The Truama of Porn: Part 5

This is part five of a six part series on pornography, trauma, and intimacy. 

As I’ve talked about in the prior posts in this series, a huge part of my work in counseling both individuals and couples right now is dealing with pornography. Pornography use is one of the most common addictive coping skills that I’ve come across, even among Christians, to deal with negative feelings.  Despite the hurt pornography causes to those who engage in it, and the shame that accompanies porn use, many clients have no idea how to stop the cycle.  Part of the reason is that culturally, often even in churches, we treat sex like a drug. 

Now, obviously, most church-going folks are not going to make the normal cultural recommendations.  Having a tough time? Get laid.  Feeling anxious about your body? Have a one night stand.  Just had a bad break up? Sleep with someone new.  Hopefully, to any believer, these ideas fall outside what we see as biblical.  But we sometimes make other statements that can sound more biblical even though they aren’t.  Having an argument with your wife? Have sex with her.  Struggling with sexual temptation? Have sex with your spouse.  Going through a tough time at work? Invest in your marital sex life.  These things sound biblical to many, but they actually aren’t.  Or at least not in the way they are often talked about.

The problem with these statements is that they assume the purpose of your sexual relationship with your spouse is to change how you feel.  But that is not what biblical sexuality is for.  Biblical sexuality views sex as a way to express love built from the way God loves us.  Sex is a physical expression of a spiritual, mental, and emotional reality of who God is applied within a relationship He created and for which He sets the boundaries.

The command to have sex in marriage found in 1 Corinthians 7 is often misconstrued to be saying that marriage is for those who struggle with sexual temptation and they are to redirect their desire for sinful sexual behavior (outside of marriage) to righteous sexual behavior (inside of marriage).  This has been used to explain why the wife should always be sexually available to her husband in order to protect him from sexual temptation.  The problem with this is that it treats sex as a response to sin—a behavioral shelter from doing the wrong thing.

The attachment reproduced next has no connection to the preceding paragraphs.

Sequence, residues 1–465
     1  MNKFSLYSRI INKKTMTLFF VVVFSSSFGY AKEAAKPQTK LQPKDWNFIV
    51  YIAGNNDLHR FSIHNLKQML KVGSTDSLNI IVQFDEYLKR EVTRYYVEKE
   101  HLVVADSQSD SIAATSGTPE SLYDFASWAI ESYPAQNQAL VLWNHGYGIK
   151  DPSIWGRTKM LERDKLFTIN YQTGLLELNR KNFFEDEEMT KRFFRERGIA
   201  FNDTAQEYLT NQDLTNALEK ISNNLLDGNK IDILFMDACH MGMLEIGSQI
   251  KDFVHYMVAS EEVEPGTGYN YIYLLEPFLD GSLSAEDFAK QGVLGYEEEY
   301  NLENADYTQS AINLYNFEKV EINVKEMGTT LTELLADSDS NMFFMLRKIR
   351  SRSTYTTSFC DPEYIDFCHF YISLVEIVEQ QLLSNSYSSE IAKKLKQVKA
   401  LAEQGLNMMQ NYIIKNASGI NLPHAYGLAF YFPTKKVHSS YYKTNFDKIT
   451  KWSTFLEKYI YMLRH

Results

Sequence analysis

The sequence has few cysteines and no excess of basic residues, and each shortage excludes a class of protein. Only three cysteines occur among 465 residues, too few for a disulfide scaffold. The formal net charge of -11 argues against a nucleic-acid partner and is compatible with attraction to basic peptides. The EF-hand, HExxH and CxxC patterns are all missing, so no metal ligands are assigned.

Marriage was not created to solve the problem of sexual sin because marriage predates sin altogether. Marriage exists to display the communal nature of the character of God.  Sex exists to express that communion within marriage.  The way that marriage prevents sexual sin is not by offering a safe place for sinful desires.  God isn’t saying “oh, you can’t control yourselves? Well here is somewhere you can lose control safely.”  No, what He’s saying is “Well here is a relationship that demands you see sex as an expression of love and unity.”  

Sexual sin and sexual addiction are driven by the very shame and lack of intimacy we see immediately following the Fall.  Adam and Eve sewed fig leaves to cover their nakedness because it suddenly felt wrong to be so open and close to one another. Our hyper-focus on sex as a society (and throughout history) comes from our desperate need for the emotionally intimate connection for which God designed us—the connection out of which sexual expression flows.  We want to change that feeling of isolation and loneliness so we focus on sex—but sex is the expression of the solution not the solution itself.  The solution itself is a deeply emotionally intimate relationship.  In the last post in this series I will give some very practical ways we build emotional intimacy (for both married and single folks) and rewrite the way the brain processes sex. 

 

Footnotes: 

The interpretation of 1 Corinthians 7 was heavily influenced by John Calvin’s commentary (available online here: https://www.ccel.org/ccel/calvin/commentaries.i.html).  The idea that it is a wife’s job to be sexually available to prevent her husband from sexually sinning is ubiquitous in certain circles.  While some who have made these comments would likely argue I have stated their position in an overly harsh way, an article like https://www.focusonthefamily.com/marriage/sex-is-a-spiritual-need/ shows the confusing language from which I draw this explanation.  See specifically these quotes: 

“Paul commanded husbands and wives to be sexually available to each other to avoid temptation. He then encouraged Christians to remain unmarried, unless they have a strong sexual desire. According to Paul, battling sexual temptation is a significant reason for Christians to marry!” 

“Like Mark, your husband depends on you to be his partner in his battle against sexual temptation. Although you aren’t responsible for his actions, you are a key component in his victory. You’re the only woman in the world whom your husband can look at sexually without compromising his integrity!” 

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